TEXT-Opinion of lawyer who drafted Palestinian law
July 8 (Reuters) - Anis al-Qasem, who led the drafting of the Palestinian interim constitution, disputed President Mahmoud Abbas's legal authority to install a government last month that removed Hamas from power without parliamentary approval.
Below is the text of his reply to questions from Reuters:
"It is clear from (Basic Law) Article 45 that the president has the power to dismiss the prime minister. However, under Article 78(3), the dismissed government continues to run the affairs of government temporarily as a caretaker government until the formation of the new government in the manner provided by the Basic Law.
"Under Article 79(4) of Chapter 5 (on executive authority), neither the prime minister nor any minister shall assume his office except after a vote of confidence from the Legislative Council (parliament)...
"Conclusion: The president has the power to dismiss the prime minister and to start the process of the formation of a new government. The basic ingredients of this process that give legitimacy to the new government are a vote of confidence by the Legislative Council and the oath of office.
"Until the formation of the new government in accordance with the procedure laid down in Chapter 5 of the Basic Law, the dismissed government continues to act as a caretaker government. The Basic Law contains no special provisions for what is sometimes called 'emergency government'."
"As to the powers of the president in a state of emergency, the only power specifically given to him is to declare the state of emergency in the manner provided in Article 110. He cannot issue decrees suspending any provisions of the Basic Law.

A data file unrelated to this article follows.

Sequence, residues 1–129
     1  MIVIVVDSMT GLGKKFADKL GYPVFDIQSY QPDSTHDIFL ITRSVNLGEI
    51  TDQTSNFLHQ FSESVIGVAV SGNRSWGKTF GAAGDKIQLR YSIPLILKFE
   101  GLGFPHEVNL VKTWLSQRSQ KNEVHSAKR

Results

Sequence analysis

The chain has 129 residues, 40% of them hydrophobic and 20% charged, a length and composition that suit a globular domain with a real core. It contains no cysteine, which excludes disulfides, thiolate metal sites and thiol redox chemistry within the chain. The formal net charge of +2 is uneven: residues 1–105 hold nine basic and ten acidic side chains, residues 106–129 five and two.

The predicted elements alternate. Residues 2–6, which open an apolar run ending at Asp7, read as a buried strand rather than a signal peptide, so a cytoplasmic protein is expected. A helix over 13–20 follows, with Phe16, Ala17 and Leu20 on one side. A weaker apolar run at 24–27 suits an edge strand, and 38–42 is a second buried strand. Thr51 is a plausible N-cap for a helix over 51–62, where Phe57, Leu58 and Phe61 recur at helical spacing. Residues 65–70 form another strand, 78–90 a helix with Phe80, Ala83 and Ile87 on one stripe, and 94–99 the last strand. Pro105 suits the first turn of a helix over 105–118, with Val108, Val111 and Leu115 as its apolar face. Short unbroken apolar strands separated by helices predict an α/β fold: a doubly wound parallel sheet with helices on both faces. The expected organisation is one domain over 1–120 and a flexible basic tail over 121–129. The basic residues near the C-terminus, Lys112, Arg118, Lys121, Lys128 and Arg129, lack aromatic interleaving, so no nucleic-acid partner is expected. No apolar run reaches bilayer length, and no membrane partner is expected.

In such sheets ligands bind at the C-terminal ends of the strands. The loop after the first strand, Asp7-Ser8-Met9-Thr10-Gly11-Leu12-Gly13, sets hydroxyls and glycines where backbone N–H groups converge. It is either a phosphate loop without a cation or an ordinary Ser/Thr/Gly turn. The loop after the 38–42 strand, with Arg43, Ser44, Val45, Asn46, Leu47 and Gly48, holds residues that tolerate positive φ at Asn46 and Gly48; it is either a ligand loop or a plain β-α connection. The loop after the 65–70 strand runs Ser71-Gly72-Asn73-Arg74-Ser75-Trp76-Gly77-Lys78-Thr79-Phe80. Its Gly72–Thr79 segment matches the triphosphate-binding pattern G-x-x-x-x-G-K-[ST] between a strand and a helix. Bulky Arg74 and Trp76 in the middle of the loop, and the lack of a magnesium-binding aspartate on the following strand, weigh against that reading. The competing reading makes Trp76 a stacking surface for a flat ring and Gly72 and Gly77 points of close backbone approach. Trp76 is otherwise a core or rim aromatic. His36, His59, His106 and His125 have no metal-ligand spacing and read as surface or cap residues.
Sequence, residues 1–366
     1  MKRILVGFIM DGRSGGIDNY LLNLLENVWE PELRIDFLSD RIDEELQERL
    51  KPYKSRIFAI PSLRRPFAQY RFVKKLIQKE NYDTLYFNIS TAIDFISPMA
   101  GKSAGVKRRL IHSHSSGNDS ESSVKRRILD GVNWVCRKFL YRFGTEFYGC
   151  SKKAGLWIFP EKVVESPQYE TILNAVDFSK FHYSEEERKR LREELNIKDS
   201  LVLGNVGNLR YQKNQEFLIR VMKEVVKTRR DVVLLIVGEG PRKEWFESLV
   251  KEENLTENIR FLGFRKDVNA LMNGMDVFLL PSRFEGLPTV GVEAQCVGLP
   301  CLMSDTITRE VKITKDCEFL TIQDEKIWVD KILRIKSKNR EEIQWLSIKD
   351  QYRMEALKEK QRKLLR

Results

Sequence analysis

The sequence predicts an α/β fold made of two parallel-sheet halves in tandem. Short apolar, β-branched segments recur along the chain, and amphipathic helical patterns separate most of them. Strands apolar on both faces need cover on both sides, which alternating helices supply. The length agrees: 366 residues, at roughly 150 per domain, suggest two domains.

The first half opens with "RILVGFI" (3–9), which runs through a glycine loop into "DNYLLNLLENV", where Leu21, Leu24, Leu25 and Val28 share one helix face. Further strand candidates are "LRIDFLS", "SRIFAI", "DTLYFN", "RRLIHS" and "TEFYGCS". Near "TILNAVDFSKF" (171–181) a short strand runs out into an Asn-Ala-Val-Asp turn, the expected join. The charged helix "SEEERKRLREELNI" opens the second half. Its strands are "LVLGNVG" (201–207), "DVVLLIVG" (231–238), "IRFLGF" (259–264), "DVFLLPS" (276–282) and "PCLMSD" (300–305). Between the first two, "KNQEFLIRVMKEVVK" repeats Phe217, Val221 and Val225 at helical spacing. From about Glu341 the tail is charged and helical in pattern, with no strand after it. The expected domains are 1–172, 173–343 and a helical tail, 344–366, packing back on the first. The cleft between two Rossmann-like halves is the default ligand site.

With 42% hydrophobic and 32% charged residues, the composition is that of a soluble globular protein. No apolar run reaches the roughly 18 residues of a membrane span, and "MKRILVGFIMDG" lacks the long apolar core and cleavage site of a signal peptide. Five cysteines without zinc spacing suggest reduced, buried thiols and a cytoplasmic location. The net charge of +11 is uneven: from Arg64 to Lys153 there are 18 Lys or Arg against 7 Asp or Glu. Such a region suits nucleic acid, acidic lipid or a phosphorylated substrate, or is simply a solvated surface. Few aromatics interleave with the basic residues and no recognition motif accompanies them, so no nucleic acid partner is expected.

"The Legislative Council continues to function (Article 113), and none of the other provisions of the Basic Law may be touched except as provided in Article 111, which deals only with restrictions that may be imposed on basic rights and freedoms, and even these may only be affected to the extent necessary to fulfil the objective of the emergency as stated in the emergency decree.
"It is worth remembering that the whole Basic Law has been amended to reduce, rather than increase, the powers of the president as a result of the power struggle between Mr Abbas when he was Prime Minister and the late President Arafat.
"Of course we anticipated that, in a system where both the president and the legislature come to power through popular elections, there is the likelihood that the president may belong to one political party while the majority in the legislature may belong to another, with the possibility of divergence of policies, as it has happened frequently in democracies like the United States and France.
"In a situation like this, compromises through dialogue are struck and neither the president nor the legislature would attempt to thwart the will of the people. If a deadlock is reached, the president may exercise the power given to him by the Basic Law and dismiss the government and appoint a new government that would, ultimately, receive the approval of the Legislative Council. Through this requirement of approval the elected representatives will determine the propriety or otherwise of the action of the president and the will of the electorate will not be thwarted. That was the expectation."
"What we had not anticipated is the reaction of 'democratic' governments to the free exercise of the Palestinian people of their democratic right to change the government, a government whose corruption and lawlessness, which Palestinians considered a stain on their culture and reputation, have been the talk of the international community...
"No constitutional draftsman would anticipate such a situation when his aim is to provide a basic law anchored in democratic principles and the rule of law."